The Kid Report 2018
Here’s What Kids Were Doing This Year and a Gift Guide That Shows You Get Them
It’s easy for adults to reflect on the past year and think, “this was a really crumby year.” I won’t even remind you of what made the year so crumby. The list is long, and it always has been—partly thanks to being human, and partly circumstance—if you have time reflect on the state of the year, a middle schooler would justifiably tell you that you have “first world problems.”
While adults were coping with 2018 by binge watching The Great British Baking Show and reminiscing about the good ‘old days on Stranger Things, kids were grooving to the beat of their own collective drum. As part of a team of human moderators at kindness social app Kudos, I spent more of the year thinking about what was on kids’ minds than my own. And, I can still conclusively report, kids are way cooler than us. Here’s a couple of things that will forever be a part of their good ‘ole days.
The Rainbow Obsession
Unicorns with rainbow manes, horses pooping rainbows, rainbows pouring out of your child’s mouth, rainbow hair...rainbow, rainbows everywhere. Why is it that kids can’t get enough? If you were an adult residing in social media land last year, you would have known that the rainbow explosion took off on Instagram. And, as with most things, kids continue the trends that are just too good to let go of (I’m still singing “Let It Go” from Frozen thanks to 10-year-olds). Let’s face it, rainbows make for appealing photography. They also make anything appear edible, and we are culture of eaters. A 2014 study shows how color, and more specifically, the arrangement of color increases the pleasantness of a dining experience and can help stave off boredom. Considering that kids tend to be picky eaters, rainbow foods equate to “yum,” while adults see Yellow #5. If we extend this thought to inedible rainbow goods, it is easy to see why kids want to rainbowify their life—it is more exciting!
Rainbow Gift Suggestion: Elwood the Rainbow Unicorn Mug
In “kid small talk” topics this year, inclusion was a common theme. Gender is a word that kids are not afraid to use. They’ll throw it in their Wheaties for breakfast. Some kids choose not to identify their gender. They ask each other to not assume their gender. They say sorry for assuming another’s gender. They ask questions like, “What does LBGTQ mean?” They draw pictures of mythical creatures, like dragons, and label their gender as “trans.” If you think your child is not thinking about gender, you are probably out to a long lunch. And we see kids’ tendency for inclusion spreading to all kinds of human facets—learning, physical, religious, political. This can best be summed up in what one Kudos kid said to another about her post on her epilepsy: “Yasssss!!!! You are beautiful!!! I love your confidence!! You are wonderful and do not let anybody say different!!”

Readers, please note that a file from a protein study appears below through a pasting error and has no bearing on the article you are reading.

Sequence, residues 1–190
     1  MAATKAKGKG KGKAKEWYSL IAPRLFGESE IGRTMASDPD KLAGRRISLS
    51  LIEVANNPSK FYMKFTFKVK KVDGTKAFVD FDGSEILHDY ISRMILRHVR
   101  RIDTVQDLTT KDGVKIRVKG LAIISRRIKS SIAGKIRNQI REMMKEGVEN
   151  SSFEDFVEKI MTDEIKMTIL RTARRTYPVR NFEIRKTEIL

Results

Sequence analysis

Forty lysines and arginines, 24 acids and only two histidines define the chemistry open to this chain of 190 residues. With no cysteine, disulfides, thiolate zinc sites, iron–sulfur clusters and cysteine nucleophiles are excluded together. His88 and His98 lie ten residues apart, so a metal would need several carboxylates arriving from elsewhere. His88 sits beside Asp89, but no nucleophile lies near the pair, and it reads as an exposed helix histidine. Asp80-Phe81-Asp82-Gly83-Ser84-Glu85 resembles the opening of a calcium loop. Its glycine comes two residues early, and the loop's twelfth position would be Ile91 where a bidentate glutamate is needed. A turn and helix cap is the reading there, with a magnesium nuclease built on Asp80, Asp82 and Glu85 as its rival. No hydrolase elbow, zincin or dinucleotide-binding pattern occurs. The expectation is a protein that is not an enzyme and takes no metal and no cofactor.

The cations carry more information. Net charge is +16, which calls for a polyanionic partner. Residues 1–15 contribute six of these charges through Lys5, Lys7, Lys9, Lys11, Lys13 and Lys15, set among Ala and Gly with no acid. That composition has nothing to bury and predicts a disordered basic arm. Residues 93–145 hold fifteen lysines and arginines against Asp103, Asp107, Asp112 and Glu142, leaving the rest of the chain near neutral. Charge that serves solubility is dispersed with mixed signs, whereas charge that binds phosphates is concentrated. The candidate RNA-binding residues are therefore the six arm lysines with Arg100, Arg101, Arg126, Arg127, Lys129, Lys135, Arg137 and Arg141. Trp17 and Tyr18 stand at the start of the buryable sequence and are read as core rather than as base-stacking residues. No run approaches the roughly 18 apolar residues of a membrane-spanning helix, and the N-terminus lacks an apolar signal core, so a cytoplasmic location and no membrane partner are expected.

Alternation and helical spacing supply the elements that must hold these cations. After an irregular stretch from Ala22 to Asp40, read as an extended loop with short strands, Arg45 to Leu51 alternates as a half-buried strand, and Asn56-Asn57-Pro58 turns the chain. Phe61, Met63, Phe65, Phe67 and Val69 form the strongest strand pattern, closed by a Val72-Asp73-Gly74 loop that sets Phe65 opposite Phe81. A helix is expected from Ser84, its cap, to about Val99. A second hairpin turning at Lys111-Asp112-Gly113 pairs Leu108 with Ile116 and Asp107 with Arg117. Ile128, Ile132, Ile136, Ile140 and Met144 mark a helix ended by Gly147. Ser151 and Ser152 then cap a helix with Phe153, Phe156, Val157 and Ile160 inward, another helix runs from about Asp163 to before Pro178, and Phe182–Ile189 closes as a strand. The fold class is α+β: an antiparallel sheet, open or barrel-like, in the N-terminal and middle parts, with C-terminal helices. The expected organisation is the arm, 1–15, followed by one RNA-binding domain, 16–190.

Inclusion Gift Suggestion: Inclusion T-Shirt
The B-word has been deeply etched on the hearts and minds of kids since who-knows-when, and thanks to school programs, and initiatives led by youth, bullying is now a topic that is at the forefront of child advocacy efforts. Kids are picking up tools from educators, parents and probably most effectively, each other, to address bullying. Kids like to find solidarity in shared experiences, give each other advice on how to handle bullying, and say, “stop being a bully” when they feel they are being bullied. Bullying isn’t the only issues kids are speaking up about: If they are feeling sad, anxious or depressed, they share. Mental illness isn’t taboo to kids. Which brings us to our next trend.
Speak Out Gift Suggestion: Be a Changemaker
Your stress maker may be your child’s stress taker. Exhibit A: Slime. Slime supposedly peaked in popularity last year, but it is showing no sign of drying up. Who knew that glue and borax could take the world by storm? Slime’s popularity is linked to the ASMR social media trend, which is the art of using sounds and movements to help someone relax (like running fingers along your arm). Kids not only make slime, they watch slime videos. Popping, squishing, kneading large quantities of colorful slime is very satisfying to observe. Kids are also still into squishies—which don’t need a lot of explanation. Kids love them. They are car-seat in origin, but took a new shape when an inventor in Japan thought they could be cute, thus Kawaii (“cute” in Japanese) Squishies were born. Kids have always found inanimate objects to love and love hard, and it isn’t just placebo: studies support the power of tactile stimulation in helping to soothe us.
Stress Relief Gift Suggestion: Squishy Soap Kit
Out with the cliche Disney Princess, in with Sailor Moon. Out with One Direction, in with BTS. Kids are looking beyond the Western pop canon for something more relevant. Sailor Moon, the manga story of a school girl turned warrior, is making a comeback in the US. The K-Pop boy band BTS, which now tops the global pop charts, is a South Korean social media phenomenon whose lyrics point to societal woes. With songs like, “Am I Wrong,” that talk about the negligence of officials when a ferry carrying mostly middle school students sank in 2014, they strike the activist chord in the hearts of kids today. All hope hasn’t been lost for Western creativity—look no further than Hamilton. Kids love the sound of it; parents love the history lesson.
Global Storyline Gift: Inspire Me Korea Culture Box